None of us want to contemplate what happens after we are gone, but this can be even more worrying and daunting if you have a disabled child.

The issues

Parents face two main issues in terms of a disabled child’s future inheritance. First, if the child receives money outright, it will affect their state benefit position and their Local Authority care package, with the possible result that all assistance is lost.

Second, a disabled child may never be able to manage large sums of money. If money is left to the child outright, then someone (whether a family member or otherwise) may have to make a Deputyship application to the Court of Protection in order to be legally authorised to manage money on the child’s behalf.

The difficulty is that even if parents consider these possible pitfalls, grandparents may inadvertently leave money to their grandchildren with of course the same unfortunate results.

Common misconceptions

Often there is very little information available for parents in such situations, so in trying to secure their child’s financial future, some tend to either:

  • Exclude the child from their Will entirely; or
  • Leave the child’s share to a family member in the hope that they will look after the child

There are problems with both actions:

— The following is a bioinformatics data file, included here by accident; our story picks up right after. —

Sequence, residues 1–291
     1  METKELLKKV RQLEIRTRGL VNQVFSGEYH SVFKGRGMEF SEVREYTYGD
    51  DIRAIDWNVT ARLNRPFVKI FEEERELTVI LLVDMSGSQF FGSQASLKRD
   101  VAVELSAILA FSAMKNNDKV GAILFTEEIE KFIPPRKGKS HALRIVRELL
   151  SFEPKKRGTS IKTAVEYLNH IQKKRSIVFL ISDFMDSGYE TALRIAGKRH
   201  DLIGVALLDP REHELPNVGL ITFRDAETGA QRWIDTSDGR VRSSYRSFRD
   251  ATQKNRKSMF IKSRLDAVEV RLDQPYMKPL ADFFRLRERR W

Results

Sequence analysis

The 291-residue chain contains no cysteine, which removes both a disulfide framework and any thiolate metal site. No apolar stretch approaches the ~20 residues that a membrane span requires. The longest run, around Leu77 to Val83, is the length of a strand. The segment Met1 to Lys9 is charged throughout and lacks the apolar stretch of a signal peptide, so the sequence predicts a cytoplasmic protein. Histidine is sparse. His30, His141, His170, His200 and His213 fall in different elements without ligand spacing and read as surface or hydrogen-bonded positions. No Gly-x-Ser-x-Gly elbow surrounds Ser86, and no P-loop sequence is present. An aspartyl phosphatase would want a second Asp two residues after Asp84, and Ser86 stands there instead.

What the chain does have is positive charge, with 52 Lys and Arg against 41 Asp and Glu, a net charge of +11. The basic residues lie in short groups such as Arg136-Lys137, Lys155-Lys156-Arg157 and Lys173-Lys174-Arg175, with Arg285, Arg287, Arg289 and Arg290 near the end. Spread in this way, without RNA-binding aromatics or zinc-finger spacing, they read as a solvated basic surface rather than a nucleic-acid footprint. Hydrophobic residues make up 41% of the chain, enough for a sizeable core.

• The Local Authority might bring a claim against the deceased parent’s estate on the basis that the parent has failed to provide for the child, when they should have been expected to do so
  • If money is left to a family member outright, it will be classed as that person’s own money. If that person then encounters matrimonial or financial difficulties, the money will be treated by a Divorce Court or Trustee in Bankruptcy as belonging to the family member
  • The family member may not carry out the parent’s wishes

The solution

There is a far better solution that ensures parents can have the reassurance of knowing that they have provided for their child, whilst at the same time preserving their child’s entitlement to benefits and Local Authority assistance.

Instead of leaving the share of the estate to the child or family member outright, it is left to the child in Trust. Trusts simply provide a means so that one person can hold money or property for another. The money does not belong to the Trustees, and so if any of them were to divorce or become bankrupt, the money would not be taken into account. In short, the money can only be used for the named beneficiaries.

The Trustees can use the money for the benefit of the child, for example to pay for holidays, or buy clothes or equipment – anything the child needs. Crucially, however, the money is not paid to the child (other than perhaps some spending money depending on the child’s age and ability to manage money) and so the money does not belong to the child and cannot be taken into account by the Department for Work and Pensions (DWP) or the Local Authority.